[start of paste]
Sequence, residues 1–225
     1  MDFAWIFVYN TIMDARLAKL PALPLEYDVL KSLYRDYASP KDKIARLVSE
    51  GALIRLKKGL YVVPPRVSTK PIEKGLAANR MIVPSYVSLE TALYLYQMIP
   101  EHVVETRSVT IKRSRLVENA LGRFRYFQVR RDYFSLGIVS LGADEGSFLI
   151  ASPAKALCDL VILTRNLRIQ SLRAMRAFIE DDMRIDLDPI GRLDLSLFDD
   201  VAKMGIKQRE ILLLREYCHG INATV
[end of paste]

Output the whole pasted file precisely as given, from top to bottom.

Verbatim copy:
Sequence, residues 1–225
     1  MDFAWIFVYN TIMDARLAKL PALPLEYDVL KSLYRDYASP KDKIARLVSE
    51  GALIRLKKGL YVVPPRVSTK PIEKGLAANR MIVPSYVSLE TALYLYQMIP
   101  EHVVETRSVT IKRSRLVENA LGRFRYFQVR RDYFSLGIVS LGADEGSFLI
   151  ASPAKALCDL VILTRNLRIQ SLRAMRAFIE DDMRIDLDPI GRLDLSLFDD
   201  VAKMGIKQRE ILLLREYCHG INATV